Challenge 2 summary: Uber’s prize of WTA may not be worth the chase:
Uber is spending a lot of money to (a) win something that doesn’t appear to be winnable, particularly at this stage of technological evolution; and (b) depends on significant external funding – which can be challenging for any platform business to weather but particularly for one with such a high existing valuation.
Uber’s scaling seems to involve a lot of payments to drivers, passengers, regulators, and lawyers that to date have benefited the whole industry, not just itself.
The way Uber, spending so much money to win what seems to be an unwinnable market, makes sense is if you believe building a global network of marginal-cost-priced rides is a means to some other business end. My framework in Part 2b goes into these possibilities in more detail.
Challenge 3: The threat of envelopment means your “win” might not stay “won”
Uber’s threat of envelopment seems low at the moment; if anything Uber are the ones seeking to blur the boundaries around other ride services – personally owned cars, carpooling, bussing, and potentially even mass transit.
In the interest of completeness, I offer Eisenmann’s prescription for companies facing envelopment:
3.1 – Change business models. Switch money sides, add new sides.
3.2 – Find a bigger brother. Ally with groups whose interests align with yours, including with whom you share enemies
3.3 – Sue. “Anti-trust law for two-sided networks is still in dispute. Antitrust law was conceived to constrain the behavior of traditional manufactuing firms and does not fully reflect the economic imperatives of platform-mediated networks. For this reason, dominant platform proivders that offer bundles or pursue penetration pricing run the risk of being charged with illegal tying or predation”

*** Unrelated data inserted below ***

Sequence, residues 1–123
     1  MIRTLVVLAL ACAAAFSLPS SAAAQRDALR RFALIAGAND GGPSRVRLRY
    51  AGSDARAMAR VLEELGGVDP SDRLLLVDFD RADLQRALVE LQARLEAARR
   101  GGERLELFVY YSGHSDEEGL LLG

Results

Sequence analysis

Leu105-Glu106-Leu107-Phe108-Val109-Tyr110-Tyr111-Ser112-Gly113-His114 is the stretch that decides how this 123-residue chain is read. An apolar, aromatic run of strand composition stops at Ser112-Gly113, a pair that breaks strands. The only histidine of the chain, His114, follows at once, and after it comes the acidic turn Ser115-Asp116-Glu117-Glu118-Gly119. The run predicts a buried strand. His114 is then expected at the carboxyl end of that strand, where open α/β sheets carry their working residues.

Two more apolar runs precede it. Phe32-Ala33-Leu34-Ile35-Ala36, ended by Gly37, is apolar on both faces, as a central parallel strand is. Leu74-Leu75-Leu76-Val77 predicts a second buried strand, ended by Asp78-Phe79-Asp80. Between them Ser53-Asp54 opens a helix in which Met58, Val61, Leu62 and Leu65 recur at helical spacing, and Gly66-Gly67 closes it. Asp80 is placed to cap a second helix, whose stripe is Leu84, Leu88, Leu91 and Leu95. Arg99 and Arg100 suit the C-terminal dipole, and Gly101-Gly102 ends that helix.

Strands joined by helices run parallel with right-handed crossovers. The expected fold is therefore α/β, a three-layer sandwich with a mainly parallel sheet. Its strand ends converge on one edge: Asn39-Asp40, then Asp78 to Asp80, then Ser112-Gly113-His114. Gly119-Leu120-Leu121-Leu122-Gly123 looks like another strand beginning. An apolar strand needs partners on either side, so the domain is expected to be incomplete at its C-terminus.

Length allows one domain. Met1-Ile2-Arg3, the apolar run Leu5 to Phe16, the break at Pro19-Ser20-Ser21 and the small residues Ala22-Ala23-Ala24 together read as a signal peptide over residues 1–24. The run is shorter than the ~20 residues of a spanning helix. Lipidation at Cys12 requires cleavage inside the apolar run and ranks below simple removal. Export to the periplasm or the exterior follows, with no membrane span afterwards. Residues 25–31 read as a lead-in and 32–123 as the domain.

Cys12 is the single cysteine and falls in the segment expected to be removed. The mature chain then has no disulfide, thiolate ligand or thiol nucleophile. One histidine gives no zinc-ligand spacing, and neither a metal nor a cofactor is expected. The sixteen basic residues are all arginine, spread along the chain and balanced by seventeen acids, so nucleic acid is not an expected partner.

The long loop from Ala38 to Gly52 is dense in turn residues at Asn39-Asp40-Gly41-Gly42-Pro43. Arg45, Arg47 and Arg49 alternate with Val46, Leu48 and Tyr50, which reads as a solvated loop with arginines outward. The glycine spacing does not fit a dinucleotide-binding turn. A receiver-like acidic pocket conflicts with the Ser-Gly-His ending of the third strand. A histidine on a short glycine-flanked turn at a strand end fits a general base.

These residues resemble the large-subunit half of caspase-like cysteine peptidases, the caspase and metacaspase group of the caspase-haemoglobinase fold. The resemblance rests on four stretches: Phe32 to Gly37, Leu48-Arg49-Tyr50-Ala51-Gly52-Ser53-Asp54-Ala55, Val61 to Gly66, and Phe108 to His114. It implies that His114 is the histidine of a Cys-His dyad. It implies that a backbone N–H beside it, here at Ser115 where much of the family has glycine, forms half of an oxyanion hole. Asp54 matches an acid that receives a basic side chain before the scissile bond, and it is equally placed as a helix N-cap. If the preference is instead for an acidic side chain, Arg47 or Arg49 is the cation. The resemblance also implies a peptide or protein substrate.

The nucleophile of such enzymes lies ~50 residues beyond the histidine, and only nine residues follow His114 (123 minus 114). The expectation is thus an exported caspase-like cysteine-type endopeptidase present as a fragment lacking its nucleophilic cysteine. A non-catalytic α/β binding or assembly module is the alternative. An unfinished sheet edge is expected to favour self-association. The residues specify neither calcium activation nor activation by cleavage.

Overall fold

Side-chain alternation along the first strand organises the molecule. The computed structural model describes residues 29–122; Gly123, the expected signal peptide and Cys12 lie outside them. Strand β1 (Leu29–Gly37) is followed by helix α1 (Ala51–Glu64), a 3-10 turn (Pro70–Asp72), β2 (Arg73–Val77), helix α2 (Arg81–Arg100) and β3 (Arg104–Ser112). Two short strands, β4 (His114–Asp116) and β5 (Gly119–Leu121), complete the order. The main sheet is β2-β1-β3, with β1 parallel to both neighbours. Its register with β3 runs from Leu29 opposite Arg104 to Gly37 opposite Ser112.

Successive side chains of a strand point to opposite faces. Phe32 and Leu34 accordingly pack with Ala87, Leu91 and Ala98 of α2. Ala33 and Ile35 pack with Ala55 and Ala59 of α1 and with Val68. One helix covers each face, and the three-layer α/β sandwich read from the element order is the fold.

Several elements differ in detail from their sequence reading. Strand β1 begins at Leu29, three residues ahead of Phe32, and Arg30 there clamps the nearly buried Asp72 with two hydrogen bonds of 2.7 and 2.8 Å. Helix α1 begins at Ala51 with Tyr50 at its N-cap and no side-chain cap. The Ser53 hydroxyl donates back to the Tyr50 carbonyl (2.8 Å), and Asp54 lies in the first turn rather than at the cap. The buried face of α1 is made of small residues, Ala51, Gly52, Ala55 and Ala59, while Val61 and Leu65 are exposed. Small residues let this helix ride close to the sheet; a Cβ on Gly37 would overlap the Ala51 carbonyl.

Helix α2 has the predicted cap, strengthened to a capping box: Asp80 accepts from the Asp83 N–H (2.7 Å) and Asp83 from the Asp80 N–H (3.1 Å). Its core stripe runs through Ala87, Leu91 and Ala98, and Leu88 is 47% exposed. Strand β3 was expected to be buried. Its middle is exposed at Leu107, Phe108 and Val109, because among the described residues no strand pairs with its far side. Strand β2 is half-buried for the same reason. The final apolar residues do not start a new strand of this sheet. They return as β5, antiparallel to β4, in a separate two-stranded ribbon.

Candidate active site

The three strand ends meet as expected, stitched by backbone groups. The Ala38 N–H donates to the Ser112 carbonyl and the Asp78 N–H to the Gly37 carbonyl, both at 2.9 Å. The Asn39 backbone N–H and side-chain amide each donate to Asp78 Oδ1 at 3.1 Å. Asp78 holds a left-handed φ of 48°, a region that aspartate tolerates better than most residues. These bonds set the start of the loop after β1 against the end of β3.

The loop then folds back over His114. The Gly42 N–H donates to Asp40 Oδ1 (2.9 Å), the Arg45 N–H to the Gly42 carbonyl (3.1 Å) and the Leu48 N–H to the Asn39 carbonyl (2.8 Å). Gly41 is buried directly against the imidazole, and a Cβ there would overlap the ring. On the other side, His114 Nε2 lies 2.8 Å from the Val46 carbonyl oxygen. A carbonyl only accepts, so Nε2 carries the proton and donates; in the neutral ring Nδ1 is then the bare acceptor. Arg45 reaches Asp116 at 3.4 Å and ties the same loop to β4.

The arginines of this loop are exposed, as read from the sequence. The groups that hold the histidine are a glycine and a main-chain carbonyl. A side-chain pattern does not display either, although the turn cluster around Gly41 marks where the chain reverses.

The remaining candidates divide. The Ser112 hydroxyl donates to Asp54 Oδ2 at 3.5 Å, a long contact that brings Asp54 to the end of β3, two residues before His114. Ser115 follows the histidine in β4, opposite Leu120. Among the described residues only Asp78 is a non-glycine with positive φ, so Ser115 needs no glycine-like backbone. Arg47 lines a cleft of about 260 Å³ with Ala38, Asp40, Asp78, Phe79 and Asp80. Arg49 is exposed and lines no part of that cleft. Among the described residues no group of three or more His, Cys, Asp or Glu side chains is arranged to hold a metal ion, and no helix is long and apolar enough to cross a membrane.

Uber is spending lots of money to win something that may not be winnable under current conditions. This raises questions about the strategic imperatives of their valuation
The on-demand ride market doesn’t actually seem like a two-sided market when you look at it closely. Undifferentiated drivers as contractors seems like a (useful) legal fiction. Treating them as a “money-side” to the market seems to undermine some of the operating aspects of the on-demand business.
It would be an interesting exercise to determine if this is rational – in other words, if the extra cost of drivers as employees is more than the extra cost savings that would accrue to Uber.
Most likely, as long as drivers are willing to work for very low wages (which is where this structure heads in equilibrium if it’s not there already), Uber’s incentive is to keep ride prices low to maximize the total dollar value of rides which accrue to it and hence their platform fees.
Once that equilibrium is reached, though, perhaps there would be room to use predictive analytics to take some empty cabs off the street. Could drivers spend less time waiting, and make the same total wages paid hourly, without raising customer pricing? This would also limit competitors’ ability to piggyback on the network.
Said differently, could Uber make better use of a limited number of “medallion 2.0s” than their competitors if the industry were re-regulated?
Would employing their drivers also enable Uber to implement a two-tier pricing structure – fixed fee for access to the Uber network at marginal cost pricing, or no-fee access to higher rate rides? Uber could probably do this without employing the drivers.
Is two-tier pricing possible under competitive conditions? Would that reach as many users as Uber needs?